1. Money talks… up to a point. Research by HR consultants Willis Towers Watson suggests that base pay and career advancement opportunities are the two key drivers of retention globally. But Adam Maurice, a senior reward consultant with the firm, adds: ‘When you delve deeper, base pay is to some extent a hygiene factor. If you don’t pay enough it’s detrimental, but paying more only helps to a limited extent.’
2. Look beyond pay. Phil Sheridan, senior managing director at recruitment consultancy Robert Half, says: ‘Our research with UK HR directors shows the number one reason for people to leave their jobs is to seek out opportunities with a better work-life balance.’ Benefits, bonuses, chemistry and commuting times are among the many reasons people leave or stay.
3. Segment the problem. Within your organisation, people in one job have different priorities from each other. There may also be generational variations – so know what drives each group. David D’Souza, head of London at the CIPD, says: ‘For example, in your call centre you may expect a certain amount of attrition due to seasonal factors, but if five accountants leave there’s likely to be a quite different reason.’
4. Talk to leavers. Exit interviews are good, but take the answers with a pinch of salt. ‘People tend not to be negative about the company because this is the time when they have the least emotional investment and they don’t want a difficult conversation or period of notice,’ says D’Souza. Employee surveys also yield insight.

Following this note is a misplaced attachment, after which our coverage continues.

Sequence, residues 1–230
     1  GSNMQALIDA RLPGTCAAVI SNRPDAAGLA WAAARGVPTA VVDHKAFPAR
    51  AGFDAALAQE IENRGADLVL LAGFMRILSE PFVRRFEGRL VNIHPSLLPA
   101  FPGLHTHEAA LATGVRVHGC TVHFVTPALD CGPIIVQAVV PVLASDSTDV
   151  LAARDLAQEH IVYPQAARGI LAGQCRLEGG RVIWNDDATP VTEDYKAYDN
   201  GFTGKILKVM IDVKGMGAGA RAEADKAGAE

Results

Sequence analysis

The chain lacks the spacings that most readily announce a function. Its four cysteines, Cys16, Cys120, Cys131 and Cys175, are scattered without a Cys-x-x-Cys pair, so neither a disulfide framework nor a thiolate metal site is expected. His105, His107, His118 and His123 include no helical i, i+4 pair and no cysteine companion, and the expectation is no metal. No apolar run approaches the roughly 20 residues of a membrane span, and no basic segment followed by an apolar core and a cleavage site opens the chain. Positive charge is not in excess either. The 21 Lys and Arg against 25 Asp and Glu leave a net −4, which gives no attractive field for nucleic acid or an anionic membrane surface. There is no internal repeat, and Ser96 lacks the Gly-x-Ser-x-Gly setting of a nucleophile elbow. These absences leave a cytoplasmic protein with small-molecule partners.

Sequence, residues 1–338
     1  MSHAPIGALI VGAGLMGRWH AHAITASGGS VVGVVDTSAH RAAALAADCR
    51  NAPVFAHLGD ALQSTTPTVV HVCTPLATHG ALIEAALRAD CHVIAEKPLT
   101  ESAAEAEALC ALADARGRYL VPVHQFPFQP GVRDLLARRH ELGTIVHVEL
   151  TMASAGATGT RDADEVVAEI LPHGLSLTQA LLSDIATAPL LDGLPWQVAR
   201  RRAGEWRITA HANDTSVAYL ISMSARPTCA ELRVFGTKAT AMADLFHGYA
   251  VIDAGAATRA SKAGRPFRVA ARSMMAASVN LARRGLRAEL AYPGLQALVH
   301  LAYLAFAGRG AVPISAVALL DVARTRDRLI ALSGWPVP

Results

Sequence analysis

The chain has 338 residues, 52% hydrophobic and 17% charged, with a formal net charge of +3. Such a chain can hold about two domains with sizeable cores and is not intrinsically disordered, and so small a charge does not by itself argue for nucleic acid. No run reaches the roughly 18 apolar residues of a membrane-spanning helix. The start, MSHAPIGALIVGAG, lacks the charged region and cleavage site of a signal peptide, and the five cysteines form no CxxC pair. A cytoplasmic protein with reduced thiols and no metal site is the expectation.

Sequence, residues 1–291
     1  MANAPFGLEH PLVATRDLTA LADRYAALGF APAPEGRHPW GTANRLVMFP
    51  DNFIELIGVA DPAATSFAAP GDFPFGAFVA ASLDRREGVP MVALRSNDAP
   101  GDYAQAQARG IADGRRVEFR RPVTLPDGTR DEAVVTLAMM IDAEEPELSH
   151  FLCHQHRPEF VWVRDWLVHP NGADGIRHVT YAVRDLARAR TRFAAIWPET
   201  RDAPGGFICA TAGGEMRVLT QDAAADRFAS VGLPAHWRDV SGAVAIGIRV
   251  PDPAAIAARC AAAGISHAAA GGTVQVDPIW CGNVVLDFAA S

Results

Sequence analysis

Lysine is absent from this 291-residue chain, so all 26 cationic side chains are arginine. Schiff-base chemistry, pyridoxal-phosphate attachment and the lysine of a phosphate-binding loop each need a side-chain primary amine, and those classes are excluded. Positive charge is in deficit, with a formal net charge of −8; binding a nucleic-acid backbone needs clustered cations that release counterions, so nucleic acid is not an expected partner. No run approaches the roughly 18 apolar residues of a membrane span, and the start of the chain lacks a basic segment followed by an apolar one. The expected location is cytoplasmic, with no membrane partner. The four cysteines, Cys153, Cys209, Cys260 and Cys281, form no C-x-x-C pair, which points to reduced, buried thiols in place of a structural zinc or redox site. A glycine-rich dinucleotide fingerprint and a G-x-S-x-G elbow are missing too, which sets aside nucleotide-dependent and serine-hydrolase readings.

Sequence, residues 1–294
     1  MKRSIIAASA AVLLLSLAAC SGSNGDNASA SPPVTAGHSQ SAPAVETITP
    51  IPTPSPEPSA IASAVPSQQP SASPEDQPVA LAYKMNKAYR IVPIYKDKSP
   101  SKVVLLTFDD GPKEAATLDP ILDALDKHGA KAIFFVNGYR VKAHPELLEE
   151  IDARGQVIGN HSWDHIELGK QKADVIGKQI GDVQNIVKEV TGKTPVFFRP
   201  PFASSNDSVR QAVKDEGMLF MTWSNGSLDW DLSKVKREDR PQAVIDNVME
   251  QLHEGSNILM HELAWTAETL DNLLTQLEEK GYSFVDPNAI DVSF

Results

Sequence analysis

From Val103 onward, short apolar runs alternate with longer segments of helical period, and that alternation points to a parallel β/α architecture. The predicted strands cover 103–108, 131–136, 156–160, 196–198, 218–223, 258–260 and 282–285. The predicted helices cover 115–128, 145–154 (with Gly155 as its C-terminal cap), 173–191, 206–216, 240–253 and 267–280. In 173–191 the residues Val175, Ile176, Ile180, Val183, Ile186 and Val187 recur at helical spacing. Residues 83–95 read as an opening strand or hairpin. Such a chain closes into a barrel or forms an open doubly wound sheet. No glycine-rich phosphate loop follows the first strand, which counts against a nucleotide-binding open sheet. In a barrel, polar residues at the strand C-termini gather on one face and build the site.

5. Offer a road map. People are less likely to look around if they have a clearly defined career path ahead of them. ‘Use performance reviews to talk to your employees about their aspirations and goals,’ says Sheridan. ‘Using their input as a point of departure, brainstorm ways you might structure job descriptions to advance those goals.’
6. Keep up the conversation. Talk to individuals regularly to monitor their happiness and expectations. ‘Train your managers to spot someone they want to keep but who shows signs of not being engaged,’ says Maurice.
7. Recruit to retain. ‘Place emphasis on management when you recruit, and you will create a culture of people who care about people that will pay dividends down the line,’ says D’Souza.
8. Be strategic. Your management of employee turnover should reflect your broader strategy, says Maurice. ‘In a highly innovative company like Apple you need fresh ideas and talent all the time, so you might even be transparent that you expect people to use this as just a step on their CV.’ In businesses where continuity and experience are more valuable, retention may be more important.
‘We aim to develop our people, help them build satisfying careers and reward them accordingly.’
‘Never mind – there’s plenty more where he came from.’